|Time:||Wednesday, November 13, 2019, 10:30am|
|Title:||Space and Ground-based Searching for Earth 2.0s (informal talk)|
|Speaker:||Prof. Jian Ge (Univ. of Florida)|
The 2019 Nobel prize in Physics was awarded to Drs. Mayor and Queloz for detection of the first giant planet orbiting a sun-like star, 51 Peg. This has concluded the first phase of mankind’s search for extrasolar worlds. We can now answer that we are NOT the only planet in the universe. There are thousands of known extrasolar worlds out there. All of them show very different characteristics from our own system. The next natural phase of mankind’s search for extrasolar worlds is to look for Earth-like habitable worlds orbiting sun-like stars, called Earth 2.0s, and possible life signatures on them. I will first summarize the current status, including work carried out by my group, in this search, then present a four-year space mission concept, called Super Kepler, to monitor over 200,000 sun-like stars in the original Kepler and its surrounding 1800 square-degree field (17 times the Kepler field) with a seven 30cm telescope array from year 2025 to 2029. The goals are to detect over 10 Earth 2.0s and determine the occurrence rate of Earth 2.0s for the first time. The extremely weak signals produced by these Earth 2.0s creates major challenges not only in detecting them with space high precision photometry missions, but also in characterizing them with ground-based spectroscopy facilities. Our study shows that only future 30-meter class telescopes equipped with a high stable, high precision, and high-resolution optical spectrograph can effectively characterize these elusive planet signals to measure their masses and densities, which can eventually determine their habitability. Specifically, the combination of the Super Kepler space mission with the TMT High Resolution Optical Spectrograph led by China’s team will provide the unique and most powerful next generation facilities to detect Earth 2.0s and help address mankind’s fundamental questions: “Are we alone in the universe?” and “Where did we come from?”.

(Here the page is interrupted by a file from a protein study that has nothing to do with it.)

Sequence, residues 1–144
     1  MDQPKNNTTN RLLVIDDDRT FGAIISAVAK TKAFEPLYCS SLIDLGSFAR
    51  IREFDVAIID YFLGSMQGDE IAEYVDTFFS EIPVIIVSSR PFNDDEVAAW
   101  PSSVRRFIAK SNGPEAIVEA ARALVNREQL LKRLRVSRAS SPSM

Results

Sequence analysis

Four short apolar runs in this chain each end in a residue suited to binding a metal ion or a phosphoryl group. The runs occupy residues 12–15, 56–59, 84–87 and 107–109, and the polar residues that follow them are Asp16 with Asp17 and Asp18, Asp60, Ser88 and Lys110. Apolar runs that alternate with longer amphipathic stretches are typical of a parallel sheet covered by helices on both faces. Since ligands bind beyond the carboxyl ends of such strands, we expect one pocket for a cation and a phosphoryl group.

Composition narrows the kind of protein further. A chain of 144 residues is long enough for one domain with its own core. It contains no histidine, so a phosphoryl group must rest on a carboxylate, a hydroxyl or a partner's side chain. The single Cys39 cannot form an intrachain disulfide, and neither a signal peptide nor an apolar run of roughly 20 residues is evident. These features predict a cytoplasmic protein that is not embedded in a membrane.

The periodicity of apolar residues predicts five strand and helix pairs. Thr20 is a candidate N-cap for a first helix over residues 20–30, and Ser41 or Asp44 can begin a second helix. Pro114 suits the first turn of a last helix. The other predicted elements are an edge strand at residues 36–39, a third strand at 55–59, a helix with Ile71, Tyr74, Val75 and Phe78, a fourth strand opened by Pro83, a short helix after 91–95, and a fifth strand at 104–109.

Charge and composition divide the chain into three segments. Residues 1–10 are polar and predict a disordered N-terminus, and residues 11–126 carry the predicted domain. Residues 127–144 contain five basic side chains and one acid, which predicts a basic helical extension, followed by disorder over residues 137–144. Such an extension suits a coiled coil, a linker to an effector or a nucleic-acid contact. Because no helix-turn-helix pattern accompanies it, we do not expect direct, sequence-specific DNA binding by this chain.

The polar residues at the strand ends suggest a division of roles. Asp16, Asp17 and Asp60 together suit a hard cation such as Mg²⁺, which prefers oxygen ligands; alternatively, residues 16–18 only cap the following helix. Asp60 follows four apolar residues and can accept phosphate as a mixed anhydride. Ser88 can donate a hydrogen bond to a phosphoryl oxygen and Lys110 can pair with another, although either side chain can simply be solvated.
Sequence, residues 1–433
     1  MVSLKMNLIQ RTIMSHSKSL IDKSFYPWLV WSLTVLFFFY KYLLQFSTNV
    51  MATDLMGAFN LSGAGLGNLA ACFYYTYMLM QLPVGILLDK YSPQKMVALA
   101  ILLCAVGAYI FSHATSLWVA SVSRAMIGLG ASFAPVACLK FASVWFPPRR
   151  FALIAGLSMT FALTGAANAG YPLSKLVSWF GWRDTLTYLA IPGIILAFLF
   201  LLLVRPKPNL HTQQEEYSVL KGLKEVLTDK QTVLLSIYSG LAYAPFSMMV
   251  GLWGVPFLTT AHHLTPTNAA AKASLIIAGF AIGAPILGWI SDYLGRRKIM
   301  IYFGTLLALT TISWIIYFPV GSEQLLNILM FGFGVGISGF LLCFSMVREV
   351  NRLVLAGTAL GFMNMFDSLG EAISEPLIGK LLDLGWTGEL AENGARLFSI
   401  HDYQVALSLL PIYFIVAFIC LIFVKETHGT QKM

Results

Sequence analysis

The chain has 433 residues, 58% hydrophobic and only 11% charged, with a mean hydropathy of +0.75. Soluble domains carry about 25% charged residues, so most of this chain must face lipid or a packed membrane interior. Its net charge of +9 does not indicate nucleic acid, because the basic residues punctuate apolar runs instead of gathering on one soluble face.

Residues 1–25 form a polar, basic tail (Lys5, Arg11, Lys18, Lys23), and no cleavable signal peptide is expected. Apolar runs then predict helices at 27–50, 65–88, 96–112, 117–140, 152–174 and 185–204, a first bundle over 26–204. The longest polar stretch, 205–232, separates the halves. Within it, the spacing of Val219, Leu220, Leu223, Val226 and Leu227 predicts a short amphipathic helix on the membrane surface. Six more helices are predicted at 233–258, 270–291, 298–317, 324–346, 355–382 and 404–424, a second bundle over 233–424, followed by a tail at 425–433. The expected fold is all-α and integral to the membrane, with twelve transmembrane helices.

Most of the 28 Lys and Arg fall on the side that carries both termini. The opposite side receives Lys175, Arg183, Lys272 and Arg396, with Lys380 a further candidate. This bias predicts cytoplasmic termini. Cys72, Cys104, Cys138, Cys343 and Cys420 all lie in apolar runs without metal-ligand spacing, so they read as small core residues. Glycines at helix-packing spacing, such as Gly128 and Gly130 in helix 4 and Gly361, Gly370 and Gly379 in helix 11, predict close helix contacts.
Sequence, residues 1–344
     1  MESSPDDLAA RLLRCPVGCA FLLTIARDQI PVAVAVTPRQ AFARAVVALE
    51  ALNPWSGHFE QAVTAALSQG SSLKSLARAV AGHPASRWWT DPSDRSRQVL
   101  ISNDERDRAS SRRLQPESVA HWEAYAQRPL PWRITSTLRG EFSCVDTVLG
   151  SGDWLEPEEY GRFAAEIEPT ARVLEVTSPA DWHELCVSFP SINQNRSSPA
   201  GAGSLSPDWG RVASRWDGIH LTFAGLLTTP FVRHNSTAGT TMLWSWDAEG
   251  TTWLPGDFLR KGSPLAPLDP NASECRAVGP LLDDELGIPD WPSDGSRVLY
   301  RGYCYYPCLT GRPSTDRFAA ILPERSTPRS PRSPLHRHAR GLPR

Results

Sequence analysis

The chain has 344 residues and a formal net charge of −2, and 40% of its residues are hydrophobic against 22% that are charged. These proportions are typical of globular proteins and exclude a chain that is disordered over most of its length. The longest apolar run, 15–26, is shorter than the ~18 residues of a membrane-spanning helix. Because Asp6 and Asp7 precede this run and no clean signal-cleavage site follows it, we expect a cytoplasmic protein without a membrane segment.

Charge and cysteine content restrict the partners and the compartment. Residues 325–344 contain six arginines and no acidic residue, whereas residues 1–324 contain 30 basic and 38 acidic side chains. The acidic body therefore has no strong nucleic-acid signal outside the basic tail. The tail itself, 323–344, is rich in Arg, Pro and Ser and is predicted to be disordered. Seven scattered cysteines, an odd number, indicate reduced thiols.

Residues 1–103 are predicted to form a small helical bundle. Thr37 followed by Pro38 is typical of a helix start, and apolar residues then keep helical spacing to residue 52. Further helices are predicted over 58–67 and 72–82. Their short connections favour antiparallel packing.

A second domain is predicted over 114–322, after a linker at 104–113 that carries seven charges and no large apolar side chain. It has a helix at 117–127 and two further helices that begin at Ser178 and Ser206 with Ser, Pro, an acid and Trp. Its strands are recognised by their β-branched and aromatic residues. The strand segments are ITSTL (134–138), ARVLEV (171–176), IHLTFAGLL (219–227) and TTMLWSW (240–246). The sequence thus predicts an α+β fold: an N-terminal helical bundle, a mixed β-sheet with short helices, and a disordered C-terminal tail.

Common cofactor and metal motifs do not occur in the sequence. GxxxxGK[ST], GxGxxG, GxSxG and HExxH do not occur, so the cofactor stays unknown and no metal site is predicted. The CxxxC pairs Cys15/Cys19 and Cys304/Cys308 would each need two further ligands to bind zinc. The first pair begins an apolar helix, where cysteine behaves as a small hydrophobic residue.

Dr. Jian Ge is a professor of astronomy at University of Florida. He was an assistant professor at Pennsylvania State University in 2000-2004, and a postdoc research fellow at Lawrence Livermore National Lab in 1998-2000. He received his Ph.D in Astronomy at the University of Arizona in 1998 and his BSc at University of Science and Technology of China in 1989.
Dr. Ge is the Principal Investigator of the Dharma Planet Survey and a collaborator of the NASA TESS mission. He was PI for the MARVELS survey of the SDSS-III program in 2008-2014, PI for the TOU, EXPERT, LiJET, and W.M. Keck Exoplanet Tracker optical Doppler instruments and also FIRST near IR Doppler instrument. He led the development of dispersed fixed-delay interferometry for both single and multiple object Doppler spectroscopy and the first silicon grism and large format silicon immersion grating. He also led the development of advanced image slicer integral field optics, and new generation coronagraphic image and pupil masks for NASA Terrestrial Planet Finder (TPF). His team discovered five new planets (including planet Vulcan orbiting 40 Eridani), confirmed three transiting planets, 24 brown dwarfs, over 400 new binaries and over 10 low-mass planet candidates. Dr. Ge and his team also discovered about 700 high redshift quasar 2175 Å dust absorbers and molecular hydrogen in four high-redshift damped Lyman alpha quasar absorbers, and measured high redshift Cosmic Microwave Background Radiation temperatures. He has published over 300 refereed journal and technical papers and abstracts, and was awarded with three US patents.
Host: Prof. Zheng cai